'Ethnic cleansing', 'institutional racism', and 'social exclusion' are just some of the terms used to describe one of the most pressing social issues facing today’s societies: prejudice and intergroup discrimination. Invariably, these pervasive social problems can be traced back to differences in religion, ethnicity, or countless other bases of group membership: the social categories to which people belong.
Social categorization, how we classify ourselves and others, exerts a profound influence on our thoughts, beliefs, feelings, and behaviors. In this volume, Richard Crisp and Miles Hewstone bring together a selection of leading figures in the social sciences to focus on a rapidly emerging, but critically important, new question: how, when, and why do people classify others along multiple dimensions of social categorization? The volume also explores what this means for social behavior, and what implications multiple and complex perceptions of category membership might have for reducing prejudice, discrimination, and social exclusion.
Topics covered include:
- the cognitive, motivational, and affective implications of multiple categorization
- the crossed categorization and common ingroup methods of reducing prejudice and intergroup discrimination
- the nature of social categorization among multicultural, multiethnic, and multilingual individuals.
Multiple Social Categorization: Process, Models and Applications addresses issues that are central to social psychology and will be of particular interest to those studying or researching in the fields of Group Processes and Intergroup Relations.
Table of Contents
Part 1. Introduction. R.J. Crisp, M. Hewstone, Multiple social categorization: Context, process, and social consequences. Part 2. Multiple Category Representation. C. McGarthy, Hierarchies and minority groups: The roles of salience, overlap and background knowledge in selecting meaningful social categorizations from multiple alternatives. E.R. Smith, Multiply categorizable social objects: representational models and some potential determinants of category use. Part 3. Multiple Categorization and Social Judgement. J.F. Dovidio, S.L. Gaertner, G. Hodson, B.M. Riek, K.M. Johnson, M. Houlette, Recategorization and crossed categorization: The implications of group salience and representations for reducing bias. R.J. Crisp, Commitment and categorization in common ingroup contexts. M.A. Hogg, M.J. Hornsey, Self-concept threat and multiple categorization within groups. Part 4. Cross-Cutting Categorization and Evaluation. N. Miller, J. Kenworthy, C.J. Canales, D.M. Stenstrom, Explaining the effects of crossed categorization on ethnocentric bias. T.K. Vescio, C.M. Judd, P. Chua, The crossed categorization hypothesis: cognitive mechanisms and patterns of intergroup bias. R. Singh, Gender among multiple social categories: Social attraction in women but interpersonal attraction in men. Part 5. Broader Perspectives. J. Phinney, L.L. Alipuria, Social categorization among multicultural, multiethnic, and multiracial individuals: Processes and implications. N.A. Carter, Political institutions and multiple social identities. Part 6. Conclusion. M. Hewstone, R. Turner, J. Kenworthy, R.J. Crisp, Multiple social categorization: Future directions.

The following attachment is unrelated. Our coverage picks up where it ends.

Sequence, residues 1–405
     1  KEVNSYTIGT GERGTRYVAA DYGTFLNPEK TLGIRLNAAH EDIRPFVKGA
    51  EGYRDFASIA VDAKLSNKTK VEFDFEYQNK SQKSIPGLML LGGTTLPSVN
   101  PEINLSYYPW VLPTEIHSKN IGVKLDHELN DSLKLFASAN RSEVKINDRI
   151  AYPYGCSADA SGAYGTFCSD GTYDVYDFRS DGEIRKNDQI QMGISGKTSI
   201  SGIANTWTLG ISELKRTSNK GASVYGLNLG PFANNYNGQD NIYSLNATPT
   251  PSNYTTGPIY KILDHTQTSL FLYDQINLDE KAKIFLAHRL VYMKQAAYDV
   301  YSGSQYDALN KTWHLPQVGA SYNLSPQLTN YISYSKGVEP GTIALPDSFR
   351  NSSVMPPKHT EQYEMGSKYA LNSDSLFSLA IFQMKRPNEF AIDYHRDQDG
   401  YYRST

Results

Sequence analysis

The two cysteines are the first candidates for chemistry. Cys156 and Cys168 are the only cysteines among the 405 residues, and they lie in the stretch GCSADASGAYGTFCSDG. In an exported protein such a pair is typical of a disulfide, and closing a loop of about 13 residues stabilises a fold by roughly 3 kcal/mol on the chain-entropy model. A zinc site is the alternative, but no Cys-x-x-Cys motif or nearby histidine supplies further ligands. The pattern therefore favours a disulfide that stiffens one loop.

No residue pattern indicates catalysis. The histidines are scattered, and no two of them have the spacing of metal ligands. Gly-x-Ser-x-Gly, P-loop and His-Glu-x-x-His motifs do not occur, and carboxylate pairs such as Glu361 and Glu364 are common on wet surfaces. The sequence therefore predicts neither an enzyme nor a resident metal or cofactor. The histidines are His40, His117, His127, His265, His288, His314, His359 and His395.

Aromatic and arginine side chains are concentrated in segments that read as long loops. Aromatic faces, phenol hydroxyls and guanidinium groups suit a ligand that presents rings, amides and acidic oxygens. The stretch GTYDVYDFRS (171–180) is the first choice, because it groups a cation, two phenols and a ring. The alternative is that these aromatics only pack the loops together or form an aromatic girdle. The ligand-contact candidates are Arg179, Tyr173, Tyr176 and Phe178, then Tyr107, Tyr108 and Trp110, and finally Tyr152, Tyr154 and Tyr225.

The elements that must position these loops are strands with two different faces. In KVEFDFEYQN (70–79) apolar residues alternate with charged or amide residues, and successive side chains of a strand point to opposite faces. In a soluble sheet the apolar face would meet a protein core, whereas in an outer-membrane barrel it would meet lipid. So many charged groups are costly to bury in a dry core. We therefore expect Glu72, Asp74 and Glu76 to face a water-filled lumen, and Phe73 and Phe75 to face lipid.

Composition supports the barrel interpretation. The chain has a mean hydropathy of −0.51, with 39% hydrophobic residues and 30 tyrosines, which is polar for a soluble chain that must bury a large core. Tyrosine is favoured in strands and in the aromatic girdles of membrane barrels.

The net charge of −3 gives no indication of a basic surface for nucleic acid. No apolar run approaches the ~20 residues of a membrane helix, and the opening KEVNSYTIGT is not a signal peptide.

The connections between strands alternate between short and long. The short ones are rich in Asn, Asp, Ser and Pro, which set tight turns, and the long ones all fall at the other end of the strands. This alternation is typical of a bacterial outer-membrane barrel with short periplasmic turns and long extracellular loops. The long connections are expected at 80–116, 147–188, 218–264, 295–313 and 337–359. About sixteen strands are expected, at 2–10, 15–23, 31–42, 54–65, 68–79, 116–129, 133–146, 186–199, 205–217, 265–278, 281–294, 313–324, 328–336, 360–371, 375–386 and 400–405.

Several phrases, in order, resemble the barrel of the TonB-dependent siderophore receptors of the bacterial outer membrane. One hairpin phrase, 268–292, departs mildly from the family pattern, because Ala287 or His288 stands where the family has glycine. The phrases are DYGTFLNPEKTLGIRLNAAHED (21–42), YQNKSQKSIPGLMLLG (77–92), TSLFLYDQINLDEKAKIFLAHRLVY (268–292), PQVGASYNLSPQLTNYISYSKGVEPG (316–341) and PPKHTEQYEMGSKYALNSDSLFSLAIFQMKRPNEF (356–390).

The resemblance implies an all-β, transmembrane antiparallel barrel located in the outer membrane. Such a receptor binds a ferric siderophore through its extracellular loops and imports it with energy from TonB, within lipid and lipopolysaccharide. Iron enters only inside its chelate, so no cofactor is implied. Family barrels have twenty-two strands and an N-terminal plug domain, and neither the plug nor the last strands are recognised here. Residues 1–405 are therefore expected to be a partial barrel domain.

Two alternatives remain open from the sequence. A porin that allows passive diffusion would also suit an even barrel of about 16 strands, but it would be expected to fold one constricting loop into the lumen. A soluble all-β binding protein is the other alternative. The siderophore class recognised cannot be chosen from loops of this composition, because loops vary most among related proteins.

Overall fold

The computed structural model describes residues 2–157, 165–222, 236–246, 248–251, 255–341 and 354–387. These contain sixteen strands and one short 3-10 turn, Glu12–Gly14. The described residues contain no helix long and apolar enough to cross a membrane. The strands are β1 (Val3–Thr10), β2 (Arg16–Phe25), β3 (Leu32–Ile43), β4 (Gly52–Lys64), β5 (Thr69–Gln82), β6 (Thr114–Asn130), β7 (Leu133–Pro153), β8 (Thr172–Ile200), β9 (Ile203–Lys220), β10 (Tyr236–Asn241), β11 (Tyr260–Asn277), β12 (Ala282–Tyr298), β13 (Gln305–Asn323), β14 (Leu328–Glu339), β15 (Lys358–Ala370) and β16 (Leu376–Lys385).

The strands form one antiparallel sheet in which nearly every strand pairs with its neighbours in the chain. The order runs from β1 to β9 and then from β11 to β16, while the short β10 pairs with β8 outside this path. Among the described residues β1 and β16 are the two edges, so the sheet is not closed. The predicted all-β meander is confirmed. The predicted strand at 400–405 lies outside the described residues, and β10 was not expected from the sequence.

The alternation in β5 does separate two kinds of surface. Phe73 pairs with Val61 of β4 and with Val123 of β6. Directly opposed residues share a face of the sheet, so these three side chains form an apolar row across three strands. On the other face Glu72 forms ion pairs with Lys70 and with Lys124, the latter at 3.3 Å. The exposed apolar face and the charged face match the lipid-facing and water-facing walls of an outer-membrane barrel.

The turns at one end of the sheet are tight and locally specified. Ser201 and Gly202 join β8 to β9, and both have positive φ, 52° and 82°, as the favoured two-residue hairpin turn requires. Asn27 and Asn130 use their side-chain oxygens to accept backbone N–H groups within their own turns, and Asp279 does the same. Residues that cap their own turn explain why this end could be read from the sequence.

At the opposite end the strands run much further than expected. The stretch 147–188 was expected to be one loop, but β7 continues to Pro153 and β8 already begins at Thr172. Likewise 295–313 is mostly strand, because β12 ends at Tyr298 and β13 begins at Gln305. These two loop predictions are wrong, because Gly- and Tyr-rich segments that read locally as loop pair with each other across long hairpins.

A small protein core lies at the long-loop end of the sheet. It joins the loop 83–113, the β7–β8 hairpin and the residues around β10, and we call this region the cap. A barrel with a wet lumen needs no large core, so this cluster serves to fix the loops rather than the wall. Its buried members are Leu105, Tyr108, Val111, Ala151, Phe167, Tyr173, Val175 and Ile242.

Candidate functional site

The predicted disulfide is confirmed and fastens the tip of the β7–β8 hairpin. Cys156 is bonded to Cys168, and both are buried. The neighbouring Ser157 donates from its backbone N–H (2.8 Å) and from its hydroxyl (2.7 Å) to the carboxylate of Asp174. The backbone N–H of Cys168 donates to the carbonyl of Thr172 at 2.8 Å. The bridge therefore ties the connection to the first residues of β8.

Richard Crisp is a Reader in Social Psychology at the University of Birmingham. His research focuses on cognitive, motivational, and affective models of social categorization, group processes, and intergroup relations. He is a past winner of the British Psychology Society’s award for Outstanding Doctoral Research Contribution to Psychology, and the Society for the Psychological Study of Social Issues Louise Kidder Early Career Award for his work on multiple social categorization.
Miles Hewstone is Professor of Social Psychology and Fellow of New College, Oxford. He has published widely on the topics of attribution theory, social cognition, stereotyping, social influence, and intergroup relations. He is co-founding editor of the European Review of Social Psychology, a former editor of the British Journal of Social Psychology and is a past winner of the British Psychology Society’s Spearman Medal and Presidents' Award.
'This book makes a compelling case that multiple categorization is the single most important question in the domain of social categorization. The 12 chapters in the book provide a comprehensive and scholarly review of the important literature in this field.' - Charles Stangor, University of Maryland.
"without hesitation, I recommend that this book should be found on the shelves of any library serving a department in which cognitive science is taken seriously." -PsycCritiques